Indus Valley Ayurvedic Centre

Your Doshas Secret Rhythm

Just as with all sentient creatures, human beings, with our physical and mental designs, our bodies and brains mean one thing. That we were intended to perceive and follow the secret rhythms and laws of Nature as we observed and interacted with them. First of all, our Circadian rhythms echo the standard 24 hour day and align to a daily cycle. Shifting from the early hours of the morning into the afternoon and finally from evening until night

Bees working on a symmetrical honeycomb

The Rhythms and Cycles of Nature

First of all, our Circadian rhythms echo the standard 24 hour day and align to a daily cycle. Shifting from the early hours of the morning into the afternoon and finally from evening until night. Our bodies and minds are also influenced by a monthly cycle, which is the lunar cycle of the moon. It is this cycle that governs and affects the oceanic tidal rhythm. People often dismiss the possible effects the lunar cycle can have on our bodies and doshas, forgetting that we as humans, beings made up of 60% water.

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Waves from an oceanic tidal rhythm

The Secret Rhythm and Cycle

Finally, there is a seasonal rhythm and cycle we are also affected by, this yearly cycle comprising of 12 months. When we are healthy, aware and pay attention to our bodies, we can notice their reactions to the various cycles of day and night. The lunar cycles created by the phases of the moon, along with the seasonal effects of the 12-month regular cycle. Besides all these known cycles, there is one that is not common knowledge. Within Ayurveda, there is a daily doshic cycle, that has an equal effect on each of the Doshas.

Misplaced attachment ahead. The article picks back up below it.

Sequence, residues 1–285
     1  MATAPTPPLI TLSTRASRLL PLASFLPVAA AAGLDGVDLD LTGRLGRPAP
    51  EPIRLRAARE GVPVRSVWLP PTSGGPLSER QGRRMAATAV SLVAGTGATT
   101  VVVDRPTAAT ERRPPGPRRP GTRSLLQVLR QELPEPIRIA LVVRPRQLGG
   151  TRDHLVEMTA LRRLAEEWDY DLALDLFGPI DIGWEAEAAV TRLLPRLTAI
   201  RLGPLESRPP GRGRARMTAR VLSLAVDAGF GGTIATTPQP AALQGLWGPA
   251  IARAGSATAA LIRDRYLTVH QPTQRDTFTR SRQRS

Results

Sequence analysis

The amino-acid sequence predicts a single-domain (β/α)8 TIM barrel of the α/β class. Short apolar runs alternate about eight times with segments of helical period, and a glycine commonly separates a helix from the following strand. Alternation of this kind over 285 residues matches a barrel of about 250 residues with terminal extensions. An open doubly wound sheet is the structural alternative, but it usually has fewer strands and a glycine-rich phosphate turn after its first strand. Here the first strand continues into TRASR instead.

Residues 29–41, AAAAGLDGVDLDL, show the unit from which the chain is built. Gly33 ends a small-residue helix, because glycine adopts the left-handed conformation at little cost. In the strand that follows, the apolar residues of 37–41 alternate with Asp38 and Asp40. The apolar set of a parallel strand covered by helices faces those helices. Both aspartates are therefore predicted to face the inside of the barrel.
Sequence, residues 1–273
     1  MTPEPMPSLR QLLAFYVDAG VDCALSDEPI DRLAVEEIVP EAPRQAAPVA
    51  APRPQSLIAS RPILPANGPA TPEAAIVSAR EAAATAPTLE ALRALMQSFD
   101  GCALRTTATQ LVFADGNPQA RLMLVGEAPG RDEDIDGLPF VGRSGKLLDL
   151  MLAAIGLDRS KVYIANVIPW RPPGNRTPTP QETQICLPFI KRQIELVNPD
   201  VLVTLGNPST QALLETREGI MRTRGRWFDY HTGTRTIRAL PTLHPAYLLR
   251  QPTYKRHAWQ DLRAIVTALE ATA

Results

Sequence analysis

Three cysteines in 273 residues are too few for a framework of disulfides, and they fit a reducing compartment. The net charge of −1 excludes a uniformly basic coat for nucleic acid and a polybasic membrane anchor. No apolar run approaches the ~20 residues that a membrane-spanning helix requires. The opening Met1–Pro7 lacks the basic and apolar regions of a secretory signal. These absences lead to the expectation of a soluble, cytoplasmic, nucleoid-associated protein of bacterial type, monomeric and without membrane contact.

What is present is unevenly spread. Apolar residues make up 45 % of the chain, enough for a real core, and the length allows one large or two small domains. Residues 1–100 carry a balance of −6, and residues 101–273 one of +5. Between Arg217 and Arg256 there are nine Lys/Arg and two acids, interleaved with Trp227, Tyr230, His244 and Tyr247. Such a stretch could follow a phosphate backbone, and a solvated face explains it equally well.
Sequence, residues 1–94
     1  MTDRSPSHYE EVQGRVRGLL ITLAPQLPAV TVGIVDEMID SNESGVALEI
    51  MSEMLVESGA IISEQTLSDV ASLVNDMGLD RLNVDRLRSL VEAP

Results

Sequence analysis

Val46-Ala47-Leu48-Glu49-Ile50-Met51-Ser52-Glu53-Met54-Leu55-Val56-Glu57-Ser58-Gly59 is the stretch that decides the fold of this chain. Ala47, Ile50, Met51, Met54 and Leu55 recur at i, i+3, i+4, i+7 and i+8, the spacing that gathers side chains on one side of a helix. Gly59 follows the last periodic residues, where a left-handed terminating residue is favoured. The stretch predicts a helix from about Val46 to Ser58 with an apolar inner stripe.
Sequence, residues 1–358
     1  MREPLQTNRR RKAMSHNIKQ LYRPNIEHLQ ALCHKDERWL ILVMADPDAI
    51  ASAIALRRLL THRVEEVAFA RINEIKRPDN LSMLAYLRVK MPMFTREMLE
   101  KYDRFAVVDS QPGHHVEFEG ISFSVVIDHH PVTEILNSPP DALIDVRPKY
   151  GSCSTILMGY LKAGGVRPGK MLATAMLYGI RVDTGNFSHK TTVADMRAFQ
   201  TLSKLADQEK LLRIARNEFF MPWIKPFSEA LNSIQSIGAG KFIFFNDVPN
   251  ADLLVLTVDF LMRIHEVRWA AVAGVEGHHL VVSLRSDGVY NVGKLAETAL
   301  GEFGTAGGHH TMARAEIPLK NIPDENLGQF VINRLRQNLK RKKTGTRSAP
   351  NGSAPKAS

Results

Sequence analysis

The Daily Dorshic Cycles

The Daily Dosha Cycles

The affiliated qualities of each dosha are more potent at specific times of the day. These rhythms and cycles are the same for all our doshas and run in a sequence as follows:
Vata Times: 2 a.m. to 6 a.m. and 2 p.m.to 6 p.m.
Pitta Times: 10 am to 2 pm, and 10 pm to 2 am.
Kappa Times: 6 a.m. to 10 a.m. and 6 p.m. to 10 p.m.

The Rythym of A Daily Dorshic Routine

Taking this information into consideration, here is an example of a routine based on the daily dorshic cycle.


A routine based on the daily dorshic cycle.

Kappa Time (6 am to 10 am) – Try to wake up at 6 am with no alarm. It takes practice but soon becomes a habit, sleeping with one east facing curtain, or blind open helps. Perform your morning cleansing routine and then move onto an exercise of your choice. Kappa time is a brilliant time to engage in rhythm and movement; be it yoga, the treadmill, swimming etc. Do this for 30 to 45 minutes or whichever feels comfortable, once your physical activity has completed, both your mind and body should feel alert.

Making this the ideal time for a morning meditation, perform your morning meditation, whenever possible, facing east ( towards the rising sun.) Once you have completed your meditation, it is time to eat your breakfast; when you feel hungry and begin your daily activities.

*Pitta Time (10 a.m to 2 p.m) while working through your daily activities, you should eat the most nutrient dense meal for the day around 1 pm, this is the best time to consume protein. Once you have finished your meal, rest for a few minutes to enable your food to start the process of digestion. After a few minutes of rest, take a brief stroll to help begin digestion.

*Vata Time (2 p.m. to 6 p.m.) The nutrient-rich meal consumed during Pitta time should ensure you have abundant energy that will support your Vata. Providing plenty of power for hard work, to be creative and perform your daily tasks and errands. Once you have completed these now is the ideal time to get into the rhythm of a second meditation. When dusks begin to fall meditate facing North for its cooling calming energy.


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